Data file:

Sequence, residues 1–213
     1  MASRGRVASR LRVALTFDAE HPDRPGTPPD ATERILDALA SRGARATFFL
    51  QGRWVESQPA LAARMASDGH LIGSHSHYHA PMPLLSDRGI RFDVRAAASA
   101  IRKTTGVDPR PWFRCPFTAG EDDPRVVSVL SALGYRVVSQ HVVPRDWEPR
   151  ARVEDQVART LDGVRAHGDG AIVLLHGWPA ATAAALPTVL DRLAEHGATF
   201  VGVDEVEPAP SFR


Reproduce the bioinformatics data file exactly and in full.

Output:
Sequence, residues 1–213
     1  MASRGRVASR LRVALTFDAE HPDRPGTPPD ATERILDALA SRGARATFFL
    51  QGRWVESQPA LAARMASDGH LIGSHSHYHA PMPLLSDRGI RFDVRAAASA
   101  IRKTTGVDPR PWFRCPFTAG EDDPRVVSVL SALGYRVVSQ HVVPRDWEPR
   151  ARVEDQVART LDGVRAHGDG AIVLLHGWPA ATAAALPTVL DRLAEHGATF
   201  VGVDEVEPAP SFR